Endocrine disruption in white ibises (Eudocimus albus) caused by exposure to environmentally relevant levels of methylmercury


Methylmercury is a globally distributed pollutant and upper trophic level aquatic fauna are at particularly high risk of exposure. Although methylmercury is known to have a number of neurological and developmental effects, relatively little is known about effects on endocrine disruption and reproduction in aquatic fauna, particularly in response to chronic exposure at low concentrations. We experimentally exposed captive white ibises for 3.5 years (2005–2008) to dietary methylmercury at three environmentally relevant concentrations (0.05, 0.1 and 0.3ppm wet weight in diet). We measured fecal concentrations of estradiol and testosterone metabolites in two consecutive breeding seasons (2007 and 2008). When effects were controlled for stage of breeding, this resulted in altered estradiol and testosterone concentrations in adult breeders of both sexes. Changes in endocrine expression were not consistent over both years, and a clear dose–response relationship was not always present. Endocrine changes were, however, associated at all dose levels with changes in reproductive behavior, reduced reproductive success and altered mate choice in males. Male–male pairing and altered courtship behavior in males were related both to dose treatment and, in 2008, to a demasculinized pattern of endocrine expression. Changes in hormone concentrations of dosed homosexually paired males, when present, were in the same direction but at a higher magnitude than those in heterosexual dosed males. Dosed homosexual males showed decreased testosterone during nest-building and elevated testosterone during incubation when compared with their dosed heterosexual counterparts during the 2008 breeding season. In the same year, exposed males had elevated estradiol during courtship, but had decreased estradiol during other stages in comparison with controls. Dosed females generally showed decreased estradiol and testosterone concentrations compared to controls, albeit not with a clear dose–response effect. Our findings suggest that endocrine disruption due to chronic exposure to even low concentrations of dietary methylmercury may be a widespread mechanism by which reproduction is impaired in wild bird populations.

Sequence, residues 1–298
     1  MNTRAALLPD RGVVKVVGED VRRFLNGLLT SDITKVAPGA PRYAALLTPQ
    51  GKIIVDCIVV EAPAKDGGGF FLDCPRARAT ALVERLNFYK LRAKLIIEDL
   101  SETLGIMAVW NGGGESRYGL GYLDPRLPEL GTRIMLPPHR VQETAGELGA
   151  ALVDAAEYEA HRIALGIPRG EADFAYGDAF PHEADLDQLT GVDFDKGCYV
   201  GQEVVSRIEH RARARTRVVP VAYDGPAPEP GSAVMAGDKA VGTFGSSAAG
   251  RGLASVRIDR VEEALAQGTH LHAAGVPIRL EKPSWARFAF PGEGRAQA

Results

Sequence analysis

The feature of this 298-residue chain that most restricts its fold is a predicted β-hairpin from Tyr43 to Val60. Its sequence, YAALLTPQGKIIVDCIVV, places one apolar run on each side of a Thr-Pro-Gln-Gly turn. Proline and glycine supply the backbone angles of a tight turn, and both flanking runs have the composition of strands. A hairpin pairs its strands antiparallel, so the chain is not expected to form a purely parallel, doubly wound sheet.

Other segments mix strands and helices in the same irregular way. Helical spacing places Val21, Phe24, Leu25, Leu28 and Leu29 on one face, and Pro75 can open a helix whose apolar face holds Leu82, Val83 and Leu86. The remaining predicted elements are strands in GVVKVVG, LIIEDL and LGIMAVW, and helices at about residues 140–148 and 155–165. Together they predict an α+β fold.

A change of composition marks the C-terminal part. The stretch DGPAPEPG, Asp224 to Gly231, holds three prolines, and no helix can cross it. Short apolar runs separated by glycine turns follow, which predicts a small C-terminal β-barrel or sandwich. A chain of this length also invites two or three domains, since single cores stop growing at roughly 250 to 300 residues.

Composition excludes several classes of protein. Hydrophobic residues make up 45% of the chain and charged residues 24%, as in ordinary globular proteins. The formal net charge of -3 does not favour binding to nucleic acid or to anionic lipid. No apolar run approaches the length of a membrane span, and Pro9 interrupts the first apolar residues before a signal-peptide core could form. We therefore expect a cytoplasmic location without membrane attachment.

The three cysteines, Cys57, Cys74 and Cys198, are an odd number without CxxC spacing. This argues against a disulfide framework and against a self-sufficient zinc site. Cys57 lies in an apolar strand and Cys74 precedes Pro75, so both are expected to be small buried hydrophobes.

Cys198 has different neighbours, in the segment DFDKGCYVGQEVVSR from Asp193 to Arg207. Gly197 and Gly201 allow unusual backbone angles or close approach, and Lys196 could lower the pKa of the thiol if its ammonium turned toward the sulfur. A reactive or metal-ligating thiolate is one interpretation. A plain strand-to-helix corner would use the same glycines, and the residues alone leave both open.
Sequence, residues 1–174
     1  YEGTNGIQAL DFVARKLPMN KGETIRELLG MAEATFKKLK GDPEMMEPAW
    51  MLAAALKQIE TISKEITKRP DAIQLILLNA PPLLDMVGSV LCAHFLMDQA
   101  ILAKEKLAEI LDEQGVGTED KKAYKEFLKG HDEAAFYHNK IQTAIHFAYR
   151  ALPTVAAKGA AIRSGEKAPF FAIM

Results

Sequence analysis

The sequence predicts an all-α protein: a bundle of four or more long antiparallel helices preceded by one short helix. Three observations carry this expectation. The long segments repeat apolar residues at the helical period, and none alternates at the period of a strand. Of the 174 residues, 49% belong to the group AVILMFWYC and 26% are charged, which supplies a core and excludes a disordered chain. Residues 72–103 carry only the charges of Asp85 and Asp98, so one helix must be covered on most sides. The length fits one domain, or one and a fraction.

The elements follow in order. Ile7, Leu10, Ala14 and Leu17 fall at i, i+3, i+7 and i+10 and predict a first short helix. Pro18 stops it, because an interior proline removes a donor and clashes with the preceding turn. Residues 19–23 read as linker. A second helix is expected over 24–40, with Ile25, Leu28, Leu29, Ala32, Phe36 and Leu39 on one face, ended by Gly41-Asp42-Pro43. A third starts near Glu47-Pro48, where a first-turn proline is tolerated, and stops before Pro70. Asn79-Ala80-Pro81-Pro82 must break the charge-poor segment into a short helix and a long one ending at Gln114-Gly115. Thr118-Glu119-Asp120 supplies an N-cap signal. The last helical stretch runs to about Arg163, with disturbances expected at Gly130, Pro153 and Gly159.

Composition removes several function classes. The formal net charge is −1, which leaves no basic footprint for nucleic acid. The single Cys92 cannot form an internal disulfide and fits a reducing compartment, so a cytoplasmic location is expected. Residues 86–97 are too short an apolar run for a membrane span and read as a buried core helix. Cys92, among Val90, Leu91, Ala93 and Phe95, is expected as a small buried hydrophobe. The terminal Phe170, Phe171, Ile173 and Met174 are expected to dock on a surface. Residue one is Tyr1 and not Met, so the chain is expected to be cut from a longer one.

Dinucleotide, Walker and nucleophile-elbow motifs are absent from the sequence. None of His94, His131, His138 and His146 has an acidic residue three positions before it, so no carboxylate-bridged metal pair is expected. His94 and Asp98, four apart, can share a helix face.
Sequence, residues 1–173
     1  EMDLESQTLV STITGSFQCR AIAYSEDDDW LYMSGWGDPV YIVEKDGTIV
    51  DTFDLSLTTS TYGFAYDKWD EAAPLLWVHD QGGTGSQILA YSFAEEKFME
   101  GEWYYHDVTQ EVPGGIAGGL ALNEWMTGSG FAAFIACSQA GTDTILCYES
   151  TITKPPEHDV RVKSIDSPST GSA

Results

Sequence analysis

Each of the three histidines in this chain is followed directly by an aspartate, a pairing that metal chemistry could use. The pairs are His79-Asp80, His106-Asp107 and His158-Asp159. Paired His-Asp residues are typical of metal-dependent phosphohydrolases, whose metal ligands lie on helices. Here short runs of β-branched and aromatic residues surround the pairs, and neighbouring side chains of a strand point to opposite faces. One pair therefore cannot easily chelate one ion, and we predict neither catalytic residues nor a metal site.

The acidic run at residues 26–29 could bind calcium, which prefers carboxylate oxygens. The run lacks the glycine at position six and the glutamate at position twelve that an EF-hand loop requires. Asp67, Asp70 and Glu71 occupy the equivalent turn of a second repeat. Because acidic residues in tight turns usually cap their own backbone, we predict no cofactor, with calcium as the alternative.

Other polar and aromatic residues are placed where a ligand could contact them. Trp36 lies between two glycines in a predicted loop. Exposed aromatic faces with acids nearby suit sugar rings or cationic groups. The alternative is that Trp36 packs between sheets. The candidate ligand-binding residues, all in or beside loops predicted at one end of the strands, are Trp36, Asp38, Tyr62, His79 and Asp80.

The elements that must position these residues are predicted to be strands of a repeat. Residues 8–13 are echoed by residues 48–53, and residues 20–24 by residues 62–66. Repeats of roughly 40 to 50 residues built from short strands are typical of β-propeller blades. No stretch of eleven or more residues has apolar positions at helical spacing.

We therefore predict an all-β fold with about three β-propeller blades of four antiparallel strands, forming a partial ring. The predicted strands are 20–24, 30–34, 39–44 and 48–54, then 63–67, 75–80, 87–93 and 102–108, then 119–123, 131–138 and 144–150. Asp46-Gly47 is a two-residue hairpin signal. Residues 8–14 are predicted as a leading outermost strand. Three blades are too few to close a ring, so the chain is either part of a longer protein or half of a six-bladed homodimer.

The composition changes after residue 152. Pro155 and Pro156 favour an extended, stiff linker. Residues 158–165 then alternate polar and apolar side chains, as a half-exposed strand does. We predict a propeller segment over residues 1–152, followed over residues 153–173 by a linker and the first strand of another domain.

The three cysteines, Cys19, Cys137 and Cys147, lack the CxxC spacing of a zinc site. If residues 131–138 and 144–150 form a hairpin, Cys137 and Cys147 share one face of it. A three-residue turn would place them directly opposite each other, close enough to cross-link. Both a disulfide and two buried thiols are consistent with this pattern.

Aquatic Toxicology